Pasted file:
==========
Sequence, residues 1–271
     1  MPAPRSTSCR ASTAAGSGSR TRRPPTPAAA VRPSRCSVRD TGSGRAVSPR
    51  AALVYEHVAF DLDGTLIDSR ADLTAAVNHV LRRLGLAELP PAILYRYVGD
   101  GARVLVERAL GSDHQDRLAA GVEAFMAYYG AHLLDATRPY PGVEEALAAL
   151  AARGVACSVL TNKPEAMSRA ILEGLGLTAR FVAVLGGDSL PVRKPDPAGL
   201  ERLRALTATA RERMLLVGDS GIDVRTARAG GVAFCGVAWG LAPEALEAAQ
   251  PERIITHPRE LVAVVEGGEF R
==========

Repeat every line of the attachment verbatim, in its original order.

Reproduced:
Sequence, residues 1–271
     1  MPAPRSTSCR ASTAAGSGSR TRRPPTPAAA VRPSRCSVRD TGSGRAVSPR
    51  AALVYEHVAF DLDGTLIDSR ADLTAAVNHV LRRLGLAELP PAILYRYVGD
   101  GARVLVERAL GSDHQDRLAA GVEAFMAYYG AHLLDATRPY PGVEEALAAL
   151  AARGVACSVL TNKPEAMSRA ILEGLGLTAR FVAVLGGDSL PVRKPDPAGL
   201  ERLRALTATA RERMLLVGDS GIDVRTARAG GVAFCGVAWG LAPEALEAAQ
   251  PERIITHPRE LVAVVEGGEF R